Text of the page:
In recent years, though, the low bun has been reclaimed, just as a certain kind of womanhood has: Why should looking like a wife or mother (or a woman who simply needs her hair out of her face) have a negative connotation? Who says it’s not sexy, or better yet, commanding? In a modern context, the low bun — worn loose or tidy, hastily done or carefully coifed — is a shortcut to elegance, conveying not stuffiness or seriousness so much as a hint of refreshing formality: sleek, chic and versatile, feminine without being fussy, drawing attention to the face without requesting attention outright.

In an age in which having a signature uniform conveys both style and ambition, a suggestion of having better things to do, the low bun is the fail-safe solution. If eyeglasses are a quick code for ‘smart’, the low bun, sometimes known as a chignon, has become the equivalent for ‘sophisticated’ — but unlike, say, the French twist, it offers the added benefit of not making you look like you’ve tried too hard.

The low bun looks good on everyone, and it’s also eminently achievable. It works on clean hair and greasy hair, straight hair and curly hair, long hair and relatively short hair, with a side part or with a part down the middle. It takes virtually no skill: You simply sweep the hair back at the nape of the neck (is there a body part more poetic or demurely beautiful, both in name and in form?) and use an elastic to twirl it around into a neat whorl. The idea of effortless beauty can seem like wishful thinking at best — but if there’s a single practice that comes close, it’s the low bun.

The low bun is also as fitting for an everyday power-dress uniform (Jenna Lyons, the Olsen twins) as it is for a glamorous affair (Gwyneth Paltrow’s iconic 1999 Oscars look) or even a funeral (Michelle Pfeiffer mourns stunningly in one in Darren Aronofsky’s controversial movie “Mother!”).

The low bun needs no ‘moment’; its moment is anytime, and always. Which, in a blink-and-it-changes culture, is the sign of real power.

To Wear Makeup or Not to Wear Makeup?

The question is surprisingly fraught, but the answer is simple.

Article by Haley Mlotek

Stewart Cook/Variety/Rex/Shutterstock; Mike Marsland/Wireimage/Getty Images; photograph by Mari Maeda and Yuji Oboshi

Recently, Buzzfeed compiled examples of men on Reddit and Twitter who had shared photos of women they found beautiful, seemingly amazed by their own enlightened taste. The women, celebrities like Rihanna, Jennifer Lawrence and Emma Stone, were, they believed, not wearing makeup.

“Kylie Jenner looks so much better without makeup to me idk why. Im prob just weird,” one man bravely tweeted.

In fact, these women were wearing makeup; in one particularly egregious instance, a photo had been taken from a magazine editorial featuring a natural makeup look, with products listed. The men had confused makeup that does not announce itself with makeup that does not exist. And who can blame them? “Natural beauty” has become less about lack of effort than about successfully hiding effort altogether.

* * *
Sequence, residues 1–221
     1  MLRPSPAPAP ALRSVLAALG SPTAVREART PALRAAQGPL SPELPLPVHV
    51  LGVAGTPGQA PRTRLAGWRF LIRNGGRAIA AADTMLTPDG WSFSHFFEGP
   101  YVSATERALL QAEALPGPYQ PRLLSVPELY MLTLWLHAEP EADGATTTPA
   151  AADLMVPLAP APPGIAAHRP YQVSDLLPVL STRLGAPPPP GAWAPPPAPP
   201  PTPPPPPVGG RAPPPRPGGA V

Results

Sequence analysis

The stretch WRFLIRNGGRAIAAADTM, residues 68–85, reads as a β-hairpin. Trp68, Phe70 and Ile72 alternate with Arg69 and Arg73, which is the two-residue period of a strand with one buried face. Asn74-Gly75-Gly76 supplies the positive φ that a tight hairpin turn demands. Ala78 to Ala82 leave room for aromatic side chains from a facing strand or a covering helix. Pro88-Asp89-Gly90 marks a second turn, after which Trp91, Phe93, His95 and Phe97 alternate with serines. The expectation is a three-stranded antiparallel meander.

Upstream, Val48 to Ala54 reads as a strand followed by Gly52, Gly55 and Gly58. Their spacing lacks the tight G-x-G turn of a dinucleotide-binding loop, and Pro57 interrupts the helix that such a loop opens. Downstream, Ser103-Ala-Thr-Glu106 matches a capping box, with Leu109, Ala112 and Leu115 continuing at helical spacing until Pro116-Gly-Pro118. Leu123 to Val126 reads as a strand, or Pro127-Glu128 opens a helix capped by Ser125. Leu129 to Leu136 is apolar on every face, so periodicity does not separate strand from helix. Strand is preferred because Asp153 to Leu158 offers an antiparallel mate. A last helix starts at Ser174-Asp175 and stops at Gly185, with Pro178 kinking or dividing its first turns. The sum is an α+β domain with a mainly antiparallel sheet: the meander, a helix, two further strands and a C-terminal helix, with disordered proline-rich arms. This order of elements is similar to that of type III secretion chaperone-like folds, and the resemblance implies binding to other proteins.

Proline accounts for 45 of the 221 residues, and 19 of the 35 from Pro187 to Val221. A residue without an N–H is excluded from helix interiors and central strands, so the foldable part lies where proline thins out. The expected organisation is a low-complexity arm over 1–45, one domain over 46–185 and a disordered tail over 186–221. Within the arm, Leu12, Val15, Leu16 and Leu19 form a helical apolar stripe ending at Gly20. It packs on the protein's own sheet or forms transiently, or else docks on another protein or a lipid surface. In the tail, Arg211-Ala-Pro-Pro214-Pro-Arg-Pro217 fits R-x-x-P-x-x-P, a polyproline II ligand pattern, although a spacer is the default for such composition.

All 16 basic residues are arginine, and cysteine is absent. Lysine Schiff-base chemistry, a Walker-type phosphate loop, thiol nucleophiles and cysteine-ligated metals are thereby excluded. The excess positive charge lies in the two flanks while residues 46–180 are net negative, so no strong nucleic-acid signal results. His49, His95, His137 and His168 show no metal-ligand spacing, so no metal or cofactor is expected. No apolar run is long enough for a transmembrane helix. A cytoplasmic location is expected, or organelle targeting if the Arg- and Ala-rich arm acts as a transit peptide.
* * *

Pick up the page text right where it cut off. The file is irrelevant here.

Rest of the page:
After a punishing night, when I use a fine-pointed brush to apply Clé de Peau Beauté concealer to my red-rimmed lower lashline, I am trying to fake wakefulness; I cannot fault a man who would, taking my illusion at face value, rush to celebrate his own wokefulness.

In light of this, it was no surprise when singer Alicia Keys (who recently launched her own skin care routine, Keys Soulcare) declared she would abstain from makeup a few years ago. In an essay about her decision for the online magazine Lenny, she wrote of realising that she had written “a lot of songs about masks filled with metaphors about hiding.” After years of feeling like she needed to wear makeup to perform, both as a singer and as a woman in the world, it struck her that this preparing for the public eye was only magnifying the effect of its scrutiny.

The #nomakeup movement soon took off, with other celebrities and women’s magazines jumping on the bandwagon. (“Mila Without Makeup” boasted a Glamour cover.)

At first glance, Alicia Keys, Mila Kunis or Gwyneth Paltrow — women whose visages we’ve come to know intimately in their makeup-wearing form — look a bit naked and exposed without it, as though a veil has been lifted, revealing something private and raw. But to examine them more closely is simply to get reacquainted with the features of the human face: its shapes and curvatures; gradations of light and color; freckles; eyelashes.

It would be easy to deem a makeup-less Alicia Keys “honest,” or “real,” or even radical, but that would be missing the point. More than anything, she looks exceptionally relaxed and open, completely at ease in her own skin. She is radiant with serenity, like a person on vacation who really knows how to let go. The message she broadcasts is that comfort is the root of confidence, and not the other way around. This is true whether a person is wearing makeup or not.

Of course, Keys’s kind of comfort requires its own sort of discipline. On the beauty website Into the Gloss, her makeup artist described the many rituals and products that go into her new look: acupuncture, exercise, a healthy diet. Facials, lip treatments, sprays and oils.

I began to wear a full face of makeup in middle school, as a gesture of defeat, attempting to obscure hormonal breakouts, asymmetrical features, eyebrows that were too bushy and lips that were too big. As I got older, I spent less time searching for pigmented powders to cover my face, and more time searching for concoctions to strengthen or improve it. I didn’t so much want to look better as I wanted to be better. I bought serums with the consistency of liquefied amber, thick white creams expelled from pump bottles with such force that they seemed impatient to get to work, masks made from insect secretions. The irony, naturally, is that clean, clear skin is the ideal base for makeup.